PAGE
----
All the big five game animals are found at Kruger National Park, which has more species of large mammals than any other African game reserve (at 147 species). There are webcams set up to observe the wildlife. The park stopped culling elephants in 1994 and tried translocating them, but by 2004 the population had increased to 11,670 elephants, by 2006 to approximately 13,500, by 2009 to 11,672, and by 2012 to 16,900. The park’s habitats may only be able to sustain about 8,000 elephants, though this is not entirely clear. Elephants do change plant growth and density in the park, and some species, such as wildebeests, clearly benefit from an increase in grasslands. The park started an attempt at using contraception in 1995, but has stopped that due to problems with delivering the contraceptives and upsetting the herd. The park has taken a firm stance against poaching of all animals especially the rhinoceros.
Kruger supports packs of the endangered African wild dog, of which there are thought to be only about 400 in the whole of South Africa.
A fairly uniform aggregate of bird species is present from the southern to central areas of the park, but a decline in diversity is noticeable in the mopane-dominated flats northwards of the Olifants.
Most species breed in summer, when rains sustain most vegetable and animal food, but the larger birds of prey conversely breed during the dry winter, when their prey is most exposed.
Out of the 517 species of birds found at Kruger, 253 are residents, 117 non-breeding migrants, and 147 nomads.
Constituting the southern Lowveld, the park’s avifaunal affinities are mainly with the tropical north. Some representatives of this group are the African open bill, hooded vulture, Dickinson’s kestrel, white-crowned lapwing, brown-necked parrot, Senegal Coucal, broad-billed roller, trumpeter hornbill, Böhm’s spinetail, tropical boubou, Meves’s starling and scarlet-chested sunbird. Some 30 water bird and wader species are dependent on the rivers or associated dams, Including the African fin foot, hite-backed night heron, white-crowned lapwing and water thick-knee. Other species are limited to riparian thicket or forest, including African goshawk, crested Guinea fowl, Natal spurfowl, Narina trogon, Pel’s fishing owl, bearded scrub robin, terrestrial brownbul and black-throated wattle-eye. This habitat is often reduced by drought or floods or the understpreyis opened up by elephant.
Some of the larger birds require large territories or are sensitive to habitat degradation. Six of these birds, which are by and large restricted to Kruger and other extensive conservation areas, have been assigned to a fanciful grouping called the “Big Six Birds”. They are the lappet-faced vulture, martial eagle, saddle-billed stork, Kori bustard, ground hornbill and the reclusive Pel’s fishing owl, which is localized and seldom seen. The 2011 aerial survey found 22 martial eagle nest sites, the 2015 survey an additional 17, while the 2020 survey found 70 nest locations in all, though the activity of these has yet to be determined. There are 25 to 30 breeding pairs of saddle-billed stork in the park, besides a handful of non-breeding individual. In 2012 178 family groups of ground hornbills roamed the park and 78 nests were known, of which 50% were active. A 2013 study estimated that 904 pairs of white-backed vulture, 78 pairs of lappet-faced vulture and 60 pairs of white-headed vulture breed in the park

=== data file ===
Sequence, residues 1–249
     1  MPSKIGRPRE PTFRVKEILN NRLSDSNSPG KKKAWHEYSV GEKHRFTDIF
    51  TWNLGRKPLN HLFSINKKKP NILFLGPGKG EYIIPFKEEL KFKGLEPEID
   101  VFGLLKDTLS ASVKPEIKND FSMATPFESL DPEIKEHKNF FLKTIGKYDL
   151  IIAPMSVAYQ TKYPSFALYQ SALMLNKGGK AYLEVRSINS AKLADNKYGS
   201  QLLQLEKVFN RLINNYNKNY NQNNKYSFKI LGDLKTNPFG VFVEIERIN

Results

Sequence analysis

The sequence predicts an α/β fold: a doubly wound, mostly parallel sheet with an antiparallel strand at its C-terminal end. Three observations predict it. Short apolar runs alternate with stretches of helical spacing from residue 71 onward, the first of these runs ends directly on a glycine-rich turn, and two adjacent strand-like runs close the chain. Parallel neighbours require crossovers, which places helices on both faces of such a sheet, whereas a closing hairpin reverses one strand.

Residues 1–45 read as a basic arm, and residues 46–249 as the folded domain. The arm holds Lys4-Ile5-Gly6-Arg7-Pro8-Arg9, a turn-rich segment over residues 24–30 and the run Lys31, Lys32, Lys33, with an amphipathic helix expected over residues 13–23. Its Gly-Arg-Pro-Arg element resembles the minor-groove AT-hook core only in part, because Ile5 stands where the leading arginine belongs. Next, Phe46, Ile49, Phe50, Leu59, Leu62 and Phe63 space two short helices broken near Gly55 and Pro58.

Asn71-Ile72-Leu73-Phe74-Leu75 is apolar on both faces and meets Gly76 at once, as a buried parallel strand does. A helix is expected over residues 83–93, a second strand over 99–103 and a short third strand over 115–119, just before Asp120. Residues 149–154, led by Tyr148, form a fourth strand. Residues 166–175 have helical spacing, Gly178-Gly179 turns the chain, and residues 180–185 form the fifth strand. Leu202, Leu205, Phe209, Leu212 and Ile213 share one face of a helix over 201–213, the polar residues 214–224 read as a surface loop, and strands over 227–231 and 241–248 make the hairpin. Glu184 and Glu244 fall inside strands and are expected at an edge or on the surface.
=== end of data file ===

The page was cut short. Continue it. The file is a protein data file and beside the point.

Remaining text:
ACCOMMODATION AT KRUGER NATIONAL PARK IN SOUTH AFRICA.
Enjoy a rich game viewing experience without even leaving the camp
Abundant water bird viewing over Pioneer Dam
Mopani has a fascinating historical and archaeological interest
A unique ‘sleep-over’ game viewing hide
Game drives and bushwalks conducted by experienced guides and trackers
Completed in 1992, Mopani Camp is the newest of all the rest camp accommodation and lodging in Kruger National Park. Inside Mopani Camp indigenous vegetation has been left largely untouched, while newly planted trees have been laid out along the camp’s tarred roads.
Mopani Rest Camp takes its name from the mopane trees that are so prevalent on the surrounding plains. In autumn the butterfly-shaped leaves change to striking hues before falling off in September and October.
Every effort has been made to ensure that the thatched buildings, with their rock faced walls, and surrounding paving, blend into the bushveld environment. All the buildings are built from natural materials such as rough stone, wood and thatching-grass, which blends them in beautifully with the environment.
Hamilton’s tented lodge
Only six permanent tented suites create an exclusive experience for the victors of Hamilton’s Tented Camp. Accommodation reminiscent of the early 20th century paired with modern day amenities create a luxurious oasis in the African wilderness.
Shalati Train on the Bridge
This unique concept perfectly combines Africa’s most breath-taking natural splendor with exquisite luxury aboard a newly refurbished train. Permanently stationed on the historical Selati Bridge high above the Sabie River.
Hoyo Hoyo Safari Lodge
Guests stay in unique thatched suites that are beautifully decorated to mimic the rich cultural heritage of the Tsonga people, Hoyo Hoyo Safari Lodge seamlessly blends traditional tribal designs and earth tones with luxurious features.
Jack safari lodge
Reminiscent of the classic South African tale jack of the Bushveld this private concession in the Kruger park is a land for adventures. Perched above the surrounding wilderness and a wellness spa add a taste of luxury to your African adventure.